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Big Revolution - Tech CEOs: stop playing at being Steve Jobs

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Welcome to Friday's Big Revolution. Enjoy! Don't forget, you can always reply to this email if you ha
 
August 10 · Issue #166 · View online
Big Revolution
Welcome to Friday’s Big Revolution. Enjoy! Don’t forget, you can always reply to this email if you have any feedback or want to share any news or ideas for possible inclusion in a future edition.
Martin

Big things you need to know today
  • Macs can be hacked over Wi-Fi. “It would be possible for a well-funded, motivated attacker to exploit the flaw if they were looking for a way onto Macs,” reports Wired. The latest version of MacOS fixes the issue, so upgrade if you’re on an earlier version.
  • Gamer-focused chat app Discord will start selling games. The beta version of the store, available only in Canada for now, can be seen as a tentative step to take a shot at Steam’s chokehold on the PC gaming market.
The big thought
Not every tech CEO can, or should, be Steve Jobs. Credit: Matt Buchanan
Hey tech CEOs, stop playing at being Steve Jobs
Yesterday, as gadget watchers awaited Samsung’s mega event to launch its Note 9 handset, I saw someone tweet about the event having had ‘pre-show entertainment.’ Sigh.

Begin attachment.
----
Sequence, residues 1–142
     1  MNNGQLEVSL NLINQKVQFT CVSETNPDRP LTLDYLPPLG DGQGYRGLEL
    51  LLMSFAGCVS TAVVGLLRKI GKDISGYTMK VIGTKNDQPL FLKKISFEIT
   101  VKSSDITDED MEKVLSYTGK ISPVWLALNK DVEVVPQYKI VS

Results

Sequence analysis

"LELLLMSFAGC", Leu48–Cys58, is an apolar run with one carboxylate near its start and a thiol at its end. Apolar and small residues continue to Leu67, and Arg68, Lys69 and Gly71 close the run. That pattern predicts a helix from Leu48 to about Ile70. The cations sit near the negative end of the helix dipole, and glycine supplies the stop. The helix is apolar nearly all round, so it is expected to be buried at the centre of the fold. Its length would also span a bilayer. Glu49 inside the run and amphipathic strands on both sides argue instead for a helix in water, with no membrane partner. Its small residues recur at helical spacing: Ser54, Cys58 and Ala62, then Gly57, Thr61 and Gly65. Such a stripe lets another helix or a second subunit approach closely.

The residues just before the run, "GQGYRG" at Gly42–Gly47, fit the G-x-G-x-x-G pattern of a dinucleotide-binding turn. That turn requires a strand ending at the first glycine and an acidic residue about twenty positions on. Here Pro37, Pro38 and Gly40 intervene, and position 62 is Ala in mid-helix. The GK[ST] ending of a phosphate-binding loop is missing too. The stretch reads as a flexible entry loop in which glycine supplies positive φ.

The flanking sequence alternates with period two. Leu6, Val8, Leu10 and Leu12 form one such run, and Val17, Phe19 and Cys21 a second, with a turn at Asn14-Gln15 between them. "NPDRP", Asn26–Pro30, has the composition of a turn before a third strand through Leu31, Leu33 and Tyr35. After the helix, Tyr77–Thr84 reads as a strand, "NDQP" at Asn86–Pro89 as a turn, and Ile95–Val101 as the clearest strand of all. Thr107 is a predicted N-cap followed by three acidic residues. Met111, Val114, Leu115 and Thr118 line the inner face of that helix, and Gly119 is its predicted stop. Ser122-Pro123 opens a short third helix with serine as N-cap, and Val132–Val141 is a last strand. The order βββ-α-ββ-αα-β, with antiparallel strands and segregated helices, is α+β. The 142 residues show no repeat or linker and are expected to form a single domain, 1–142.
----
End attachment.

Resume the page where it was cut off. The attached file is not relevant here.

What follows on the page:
Do we need these events anymore? They stopped being exciting around the same time phones settled into a offering little more than a steady stream of incremental updates each year. The 'look at our new stuff’ show format pioneered by Steve Jobs back in 1984 at the launch of the Mac, and honed by… well, Steve Jobs, actually, in 2007 with the historic first iPhone event, has run out of steam.
These events are now tired parodies of themselves and should be put out to pasture. Even Apple struggles to get it right these days. Its WWDC event this year offered a bunch of small tweaks to its operating system, stretched out over two hours. Why did they bother? Because everyone expects an event, and Apple has to deliver one, even if it’s not got much to show right at that point.
I like Nintendo’s approach of doing regular online video broadcasts to announce news. If other firms took that approach, it would give them a lot more scope to try new ways of telling their stories and promoting their new products. They could still have live 'events,’ just in a different way.
The main thing the 'product launch in front of an audience’ format does these days is give tech CEOs a chance to play at being Steve Jobs for a couple of hours, and they come off looking worse for it. Enough. Let’s move on.
One big read
“What Have We Done?”: Silicon Valley Engineers Fear They've Created a Monster “What Have We Done?”: Silicon Valley Engineers Fear They've Created a Monster
It’s not the first time we’ve seen a headline like this, but this time it’s about the long-term impact of the gig economy, and it’s written by Uber whistleblower Susan Fowler.
One big tweet
Max Read
facebook has a bad habit of saying things that you usually associate with terrifying industrial conglomerates and shady military contractors, such as, from today's "hard questions" post: "we’re not bound by international human rights laws"
6:50 PM - 9 Aug 2018
That’s all for today...
See you tomorrow for a weekend format edition of Big Revolution.
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